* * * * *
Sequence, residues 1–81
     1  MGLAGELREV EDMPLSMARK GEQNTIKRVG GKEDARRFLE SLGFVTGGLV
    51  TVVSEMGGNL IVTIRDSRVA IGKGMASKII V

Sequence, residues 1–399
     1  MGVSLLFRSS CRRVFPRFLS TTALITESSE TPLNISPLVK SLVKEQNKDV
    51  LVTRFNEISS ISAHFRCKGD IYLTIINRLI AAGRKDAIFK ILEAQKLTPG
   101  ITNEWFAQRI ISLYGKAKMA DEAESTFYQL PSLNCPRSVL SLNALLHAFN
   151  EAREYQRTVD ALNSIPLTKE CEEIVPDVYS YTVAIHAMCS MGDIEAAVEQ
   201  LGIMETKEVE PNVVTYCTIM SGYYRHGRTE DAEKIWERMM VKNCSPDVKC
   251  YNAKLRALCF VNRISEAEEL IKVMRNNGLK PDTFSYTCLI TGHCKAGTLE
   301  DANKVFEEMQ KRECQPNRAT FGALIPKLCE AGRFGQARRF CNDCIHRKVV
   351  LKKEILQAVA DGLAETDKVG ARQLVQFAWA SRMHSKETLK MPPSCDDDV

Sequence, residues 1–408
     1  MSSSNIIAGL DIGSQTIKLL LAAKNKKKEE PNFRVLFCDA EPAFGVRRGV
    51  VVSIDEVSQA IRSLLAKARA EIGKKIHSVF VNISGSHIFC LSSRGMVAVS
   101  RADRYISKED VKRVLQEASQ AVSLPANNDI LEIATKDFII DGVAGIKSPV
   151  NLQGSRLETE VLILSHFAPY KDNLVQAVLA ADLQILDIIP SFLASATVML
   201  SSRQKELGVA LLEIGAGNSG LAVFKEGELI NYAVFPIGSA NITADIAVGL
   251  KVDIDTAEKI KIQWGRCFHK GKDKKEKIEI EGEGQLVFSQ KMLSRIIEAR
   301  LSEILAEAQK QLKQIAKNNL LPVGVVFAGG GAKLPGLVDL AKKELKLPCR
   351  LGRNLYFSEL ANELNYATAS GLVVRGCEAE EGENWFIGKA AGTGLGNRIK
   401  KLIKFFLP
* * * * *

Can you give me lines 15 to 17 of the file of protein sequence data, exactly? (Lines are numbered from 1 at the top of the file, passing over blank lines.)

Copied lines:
    51  VVSIDEVSQA IRSLLAKARA EIGKKIHSVF VNISGSHIFC LSSRGMVAVS
   101  RADRYISKED VKRVLQEASQ AVSLPANNDI LEIATKDFII DGVAGIKSPV
   151  NLQGSRLETE VLILSHFAPY KDNLVQAVLA ADLQILDIIP SFLASATVML